Or, how I survived a green horse’s first time seeing horse-eating games.
Yesterday Kasane had her first outting to a Pony Club gaming event. There were two divisions: 10+ Pony Clubbers and 2 Horsemasters (Kasane and me and Steve on his gelding Windsor). There were four games: pole bending, mug shuffle, fruit relay, and milk carton relay (which we didn’t do). Each race had practice and timed runs.
The kids on their ponies were amazing. They all did the games and were trotting along on a range of very patient horses. So cute to see them out there riding well and really getting into the games. Two of the kids were so young that they were lead through the games on these tiny little furrball ponies.
The first game, pole bending, involves riding between tall pieces of PVC pipe set in small metal buckets in a concrete base. You go as fast as you can between the poles, turn around and do the same thing back to the end.
Kasane was okay with pole bending. She wasn’t crazy about the poles, but we finished the race. We had practiced pole bending around cones at the barn so she had an idea about what were doing, but she’d never seen the tall poles before. We had a good practice and timed run.
The fun started when we did the mug shuffle. Same poles from pole bending, except this time there were large white plastic mugs on the top of every other pole. We had to ride straight down the poles, pick up a mug from one pole and set it on the next one. At the end of the line, we went around a barrel and came back.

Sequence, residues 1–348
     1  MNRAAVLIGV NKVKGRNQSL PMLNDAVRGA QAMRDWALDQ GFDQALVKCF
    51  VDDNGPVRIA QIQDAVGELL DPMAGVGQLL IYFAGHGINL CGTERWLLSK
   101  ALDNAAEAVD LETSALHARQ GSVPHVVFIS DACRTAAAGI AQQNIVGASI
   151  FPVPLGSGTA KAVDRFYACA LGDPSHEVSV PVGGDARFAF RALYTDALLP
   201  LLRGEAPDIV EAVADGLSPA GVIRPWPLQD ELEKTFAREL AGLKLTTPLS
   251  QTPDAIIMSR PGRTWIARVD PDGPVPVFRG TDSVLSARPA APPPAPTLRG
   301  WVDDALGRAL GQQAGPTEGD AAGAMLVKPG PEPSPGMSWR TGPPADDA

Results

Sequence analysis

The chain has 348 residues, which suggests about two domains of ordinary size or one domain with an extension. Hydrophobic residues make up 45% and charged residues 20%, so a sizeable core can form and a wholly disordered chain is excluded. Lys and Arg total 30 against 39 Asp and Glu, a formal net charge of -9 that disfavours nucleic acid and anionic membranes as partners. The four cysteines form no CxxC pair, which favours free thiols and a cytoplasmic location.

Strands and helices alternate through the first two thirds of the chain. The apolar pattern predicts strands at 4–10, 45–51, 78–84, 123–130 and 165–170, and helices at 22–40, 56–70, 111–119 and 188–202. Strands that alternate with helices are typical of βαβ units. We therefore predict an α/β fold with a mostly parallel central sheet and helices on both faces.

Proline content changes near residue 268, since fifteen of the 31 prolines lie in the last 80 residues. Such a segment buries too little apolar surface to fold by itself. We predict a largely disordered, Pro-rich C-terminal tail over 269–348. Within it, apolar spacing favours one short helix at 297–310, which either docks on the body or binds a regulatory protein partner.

Kasane didn’t like me reaching for the mug or a shiny white thing right near her eye. We had to take a lot of time just going back and forth to get her to come up to the pole. She went side ways a few times because any object next to her eye scared her. (Can’t say I blame her — this was a lot of new stuff she was being asked to do.) Several times I tried to show her the mug so she could reach around and see it. She can side step and back up quickly too. (We scattered some groups of ponies unintentionally since Kasane was moving backwards. I did get her moving forwards again with a short kick.) The test session took us a while, but we did complete it. We ended up doing the race by just riding next to the poles without grabbing for cups.
Every time she was afraid of something, I took as much time as I could to let her go up and investigate the scary things. The last mug we did, she went up, touched the mug with her nose, and that was all I could ask. She was investigating the things that scared her. (If we had been at home, I would have dismounted, shown her everything very carefully from the ground. And then gotten on her and repeated the process, possibly over several sessions.) It was a lot of unfamiliar things for her to deal with.
The fruit race was even scarier for her. You had to take a fake piece of fruit, drop it in bucket as you rode by, and then pick up another piece of fake fruit from a basket on a barrel at the end of the line. You then put the backet back and take the fruit and race back. Kasane wanted nothing to do with the purple bucket on the ground during the practice race. She didn’t like that I was carrying anything. I dropped the fruit in the bucket (it made scary noises!) and she went sideways, backwards, any which way. (This was a normal feed bucket that had Monster Fake Fruit. Silly girl.) After a few minutes, she did go forward again and side-passed around the bucket and we continued on to the barrel at the end to attempt to retrieve a piece of fruit.